Kat and Matt Peach aren’t here “to get rich,” Kat said behind the counter of their Catonsville vinyl shop.
“We’re here to help connect good people to good music. Continue a conversation about music, and musicians.”
Hare’s Breath Records, an eclectic record shop run by the Peaches, moved from its previous location on South Broadway Street in upper Fells Point to a cozy space, previously vacant on Frederick Road, just a short walk from where the Peaches live in Paradise.
Bins of 45s pressed with the sounds of funk, soul, jazz, classic rock, industrial and techno musicians line the perimeter, each graded by the Peaches and brought to Catonsville from their frequent treks record-hunting around the U.S., or sold to them by other collectors and regulars who know what they’re looking for.
“Record stores are a bit like barbershops,” Matt said. “People just come and hang about. Records stores tend to attract more characters, and we learn something from people as well.”
The Baltimore area doesn’t want for record shops, but much of what they sell is sourced from the same places, the Peaches say.
“All record stores tend to have a very different vibe,” but as far as selection goes, “we see the same stuff a lot of the time,” Matt Peach said.
In Hare’s Breath, you can expect to smell wafting incense at any given time, while Matt spins a record fitting whatever whimsy the two are feeling in that moment.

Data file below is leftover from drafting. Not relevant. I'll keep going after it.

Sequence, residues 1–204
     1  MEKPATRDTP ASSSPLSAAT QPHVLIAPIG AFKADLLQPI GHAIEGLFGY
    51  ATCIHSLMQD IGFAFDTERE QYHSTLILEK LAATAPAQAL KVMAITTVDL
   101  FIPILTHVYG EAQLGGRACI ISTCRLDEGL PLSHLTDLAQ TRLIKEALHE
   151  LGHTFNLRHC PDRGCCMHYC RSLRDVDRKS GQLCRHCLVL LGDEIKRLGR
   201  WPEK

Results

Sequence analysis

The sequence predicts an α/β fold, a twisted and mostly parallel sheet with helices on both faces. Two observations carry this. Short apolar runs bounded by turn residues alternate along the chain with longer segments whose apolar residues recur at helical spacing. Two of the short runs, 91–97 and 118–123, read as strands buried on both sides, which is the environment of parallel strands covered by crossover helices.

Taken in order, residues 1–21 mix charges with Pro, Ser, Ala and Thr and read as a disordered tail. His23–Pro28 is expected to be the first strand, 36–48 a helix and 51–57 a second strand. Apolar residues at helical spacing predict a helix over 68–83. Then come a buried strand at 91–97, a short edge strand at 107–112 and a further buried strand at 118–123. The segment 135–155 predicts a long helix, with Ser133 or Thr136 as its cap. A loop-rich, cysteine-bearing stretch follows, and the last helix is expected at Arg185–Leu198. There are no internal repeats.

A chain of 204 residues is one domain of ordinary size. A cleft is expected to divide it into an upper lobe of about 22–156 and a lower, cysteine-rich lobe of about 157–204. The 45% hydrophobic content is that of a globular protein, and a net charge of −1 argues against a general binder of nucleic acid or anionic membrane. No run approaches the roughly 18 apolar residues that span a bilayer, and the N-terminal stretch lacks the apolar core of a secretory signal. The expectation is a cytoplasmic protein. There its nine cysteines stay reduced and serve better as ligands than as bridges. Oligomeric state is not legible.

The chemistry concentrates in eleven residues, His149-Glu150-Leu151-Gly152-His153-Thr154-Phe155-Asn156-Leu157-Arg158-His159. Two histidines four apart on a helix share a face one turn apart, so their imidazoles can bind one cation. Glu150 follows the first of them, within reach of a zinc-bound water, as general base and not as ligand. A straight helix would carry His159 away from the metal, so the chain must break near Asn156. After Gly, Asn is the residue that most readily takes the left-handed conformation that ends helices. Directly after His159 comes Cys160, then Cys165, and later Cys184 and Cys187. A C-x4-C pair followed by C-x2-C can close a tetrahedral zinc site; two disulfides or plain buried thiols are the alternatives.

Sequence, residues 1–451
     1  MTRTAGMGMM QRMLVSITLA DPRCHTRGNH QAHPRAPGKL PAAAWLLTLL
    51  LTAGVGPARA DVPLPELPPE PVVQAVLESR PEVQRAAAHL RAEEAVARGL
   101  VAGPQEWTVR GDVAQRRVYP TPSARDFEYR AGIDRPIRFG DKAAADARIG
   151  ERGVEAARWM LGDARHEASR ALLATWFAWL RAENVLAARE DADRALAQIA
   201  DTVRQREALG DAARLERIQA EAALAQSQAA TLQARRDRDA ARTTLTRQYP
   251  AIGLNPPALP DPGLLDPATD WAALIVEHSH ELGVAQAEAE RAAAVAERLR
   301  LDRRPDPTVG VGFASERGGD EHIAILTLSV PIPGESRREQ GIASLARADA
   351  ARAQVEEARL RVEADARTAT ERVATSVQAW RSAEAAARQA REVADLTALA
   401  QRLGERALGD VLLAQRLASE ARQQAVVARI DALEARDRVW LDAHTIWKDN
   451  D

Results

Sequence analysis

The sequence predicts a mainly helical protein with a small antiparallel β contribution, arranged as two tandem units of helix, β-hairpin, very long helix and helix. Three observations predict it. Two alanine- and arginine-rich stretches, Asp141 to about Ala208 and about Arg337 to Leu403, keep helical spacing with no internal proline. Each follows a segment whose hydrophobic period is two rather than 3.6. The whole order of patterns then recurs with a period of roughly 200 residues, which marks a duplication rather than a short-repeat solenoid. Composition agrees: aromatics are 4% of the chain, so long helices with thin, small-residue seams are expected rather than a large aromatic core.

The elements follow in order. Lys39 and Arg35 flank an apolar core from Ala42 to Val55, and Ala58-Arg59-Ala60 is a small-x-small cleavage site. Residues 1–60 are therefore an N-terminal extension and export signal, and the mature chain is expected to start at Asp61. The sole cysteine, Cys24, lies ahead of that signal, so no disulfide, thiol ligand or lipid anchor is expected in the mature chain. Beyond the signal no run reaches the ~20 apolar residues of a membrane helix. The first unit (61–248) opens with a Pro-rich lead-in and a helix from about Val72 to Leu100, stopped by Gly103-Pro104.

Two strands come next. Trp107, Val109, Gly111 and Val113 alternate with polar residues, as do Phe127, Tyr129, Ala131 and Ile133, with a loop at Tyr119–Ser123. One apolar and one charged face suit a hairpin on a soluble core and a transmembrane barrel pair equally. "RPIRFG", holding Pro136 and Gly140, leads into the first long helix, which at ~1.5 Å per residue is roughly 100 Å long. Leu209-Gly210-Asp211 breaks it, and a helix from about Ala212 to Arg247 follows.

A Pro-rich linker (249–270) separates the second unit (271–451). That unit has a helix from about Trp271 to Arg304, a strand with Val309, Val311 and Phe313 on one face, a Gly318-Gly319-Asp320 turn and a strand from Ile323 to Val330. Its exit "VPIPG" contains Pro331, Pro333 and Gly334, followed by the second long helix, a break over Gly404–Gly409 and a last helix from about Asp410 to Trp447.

“We have a little ritual. We come in, we tend to put on something pretty chill, light some incense, shake dreams from our hair,” Matt said.
The pair have always been musically inclined, they say. Kat began playing classical piano at age 5, and Matt, growing up in the early 1980s just outside Birmingham, England, gravitated to the record store next door to the bookies where his father would bet on horses.
The two also collect records themselves — around 2,000 by Matt’s estimate — since opening doors at their previous location in late 2018. Their tastes are wide and particular, ranging from 1970s Turkish funk to early New Age.
“We like to source strange things,” Matt said, like movie soundtracks from “Flash Gordon” and “Conan the Barbarian,” Jane Fonda’s workout album, and rare albums they say are generally hard to sell, but a great find for other record collectors.
“You’ve got to have both, stuff people know, but you’ve got to be able to throw in weird things,” Matt said. “You discover new music sometimes by taking a gamble.”
“We could sell a copy of Fleetwood Mac’s “Rumors,” like, every day; there’s more things to listen to,” Kat Peach said.
The Peaches run a record label by the same name, and have produced their own classical, experimental and traditional folk albums in the past, although the label has taken a back seat while they get settled in their new location.
“We love music, and we love the stories behind the music,” Kat said. Their project, The Stone Tapes, is evidence of that, combining myth and music into haunting concept albums through sounds derived from an old box of reel tapes recorded at historic sites throughout the British Isles, fed into a modular synth —or so the story goes.
The two have started recording music again — reggae, this time — and are fleshing out ideas for music installations in their shop; a synth meet-up, for instance, paired with psychedelic video projection.
In Paradise, where Kat has lived for the past 11 years, “We’ve gotten so many new businesses in, old businesses have new owners now. We sort of have some exciting possibilities” for community engagement, she said.
“I always have in my head that scene in “Hairspray” with Motormouth records, all the kids dancing in the aisles,” Kat Peach said. “That’s like, career goals.”